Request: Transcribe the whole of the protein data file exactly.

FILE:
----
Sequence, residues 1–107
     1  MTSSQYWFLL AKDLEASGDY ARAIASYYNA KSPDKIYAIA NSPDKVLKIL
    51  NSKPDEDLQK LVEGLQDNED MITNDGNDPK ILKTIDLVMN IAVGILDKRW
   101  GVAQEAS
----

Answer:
Sequence, residues 1–107
     1  MTSSQYWFLL AKDLEASGDY ARAIASYYNA KSPDKIYAIA NSPDKVLKIL
    51  NSKPDEDLQK LVEGLQDNED MITNDGNDPK ILKTIDLVMN IAVGILDKRW
   101  GVAQEAS